Kampala — Uganda's Civil Aviation Authority (CAA) has embarked an ambitious expansion programme that will see the elevation of two aerodromes into International Airports.
According to Mr. Ignie Igunduura, the Civil Aviation Authority (CAA) Public Relations Manager told the East African Business Week that the master plan studies and engineering designs for the development of the Gulu and Kasese aerodromes into International Airports have been completed.
"The master plan studies' report has already been submitted to government but they (aerodromes) are going to be developed in phases because it wouldn't be easy to do all of them at a go," Igunduura said.
The development of the Gulu (Northern Uganda) and Kasese (Western Uganda) aerodromes into Airports would inevitably help Entebbe International Airport, Uganda's only airport with the overwhelming traffic numbers that have over the years increased rapidly. In July, Entebbe Airport received the 2012 Routes Africa Marketing Accolade for managing to attract the largest number of reputable airlines but the Airport is finding it difficult to manage the ever growing traffic.
According to Mr. David Mpango Kakuba, the Deputy Managing Director of CAA, "Air passenger traffic at Entebbe is steadily growing, currently at 1.2 million per year compared to three years ago when it was only 500,000 passengers."
According to sources, it is expected that the United Nations base near the airport will have close to 6,000 personnel, coupled with the onset of oil drilling; the country is expected to experience increased activity at Entebbe Airport. If the expansion process of the airport is not fast tracked, the numbers could overwhelm the authorities.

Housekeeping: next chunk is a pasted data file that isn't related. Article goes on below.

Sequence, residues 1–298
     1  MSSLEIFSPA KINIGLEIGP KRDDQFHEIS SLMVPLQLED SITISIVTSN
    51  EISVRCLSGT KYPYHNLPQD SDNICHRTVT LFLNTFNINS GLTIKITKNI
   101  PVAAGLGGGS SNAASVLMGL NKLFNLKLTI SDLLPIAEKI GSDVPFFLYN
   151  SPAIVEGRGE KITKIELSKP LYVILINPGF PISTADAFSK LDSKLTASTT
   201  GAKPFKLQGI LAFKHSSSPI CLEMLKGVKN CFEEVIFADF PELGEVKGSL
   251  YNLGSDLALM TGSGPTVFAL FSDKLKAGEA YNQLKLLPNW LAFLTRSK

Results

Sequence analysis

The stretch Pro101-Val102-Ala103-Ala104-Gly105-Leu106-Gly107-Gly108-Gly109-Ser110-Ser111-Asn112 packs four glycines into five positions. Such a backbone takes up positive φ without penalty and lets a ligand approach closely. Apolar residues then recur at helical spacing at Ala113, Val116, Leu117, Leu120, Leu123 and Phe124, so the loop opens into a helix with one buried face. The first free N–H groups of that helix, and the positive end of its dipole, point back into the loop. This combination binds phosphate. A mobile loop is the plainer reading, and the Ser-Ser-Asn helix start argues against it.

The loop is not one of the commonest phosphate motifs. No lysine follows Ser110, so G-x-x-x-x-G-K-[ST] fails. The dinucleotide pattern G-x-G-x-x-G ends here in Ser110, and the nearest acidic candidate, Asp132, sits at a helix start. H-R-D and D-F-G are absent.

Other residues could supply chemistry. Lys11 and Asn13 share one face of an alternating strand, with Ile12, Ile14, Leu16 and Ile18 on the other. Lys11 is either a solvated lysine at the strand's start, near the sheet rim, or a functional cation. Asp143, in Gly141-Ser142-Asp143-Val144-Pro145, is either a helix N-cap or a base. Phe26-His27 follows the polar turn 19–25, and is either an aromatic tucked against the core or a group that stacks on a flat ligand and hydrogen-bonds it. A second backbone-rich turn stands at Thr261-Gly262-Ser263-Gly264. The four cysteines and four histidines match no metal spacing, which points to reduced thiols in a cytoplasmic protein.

The Uganda Revenue Authority's (URA) customs department has also asked the authorities to provide the Cargo section with an independent area away from the current location so as to minimize loopholes during loading and offloading of cargo.
With the construction of two new airports, pressure would ease from Entebbe and passengers would be able to fly directly to and from these areas.
According to Igunduura, the development of the two aerodromes would cost an estimated $240m and that there were negotiations between government and a Chinese company to fund the projects.
The CAA currently manages 13 aerodromes as well as the Entebbe Airport but there are other privately owned airfields. Igunduura also added that the Arua Aerodrome (West Nile) is undergoing expansion and that CAA was working on acquiring more landfor access roads, apron for air planes.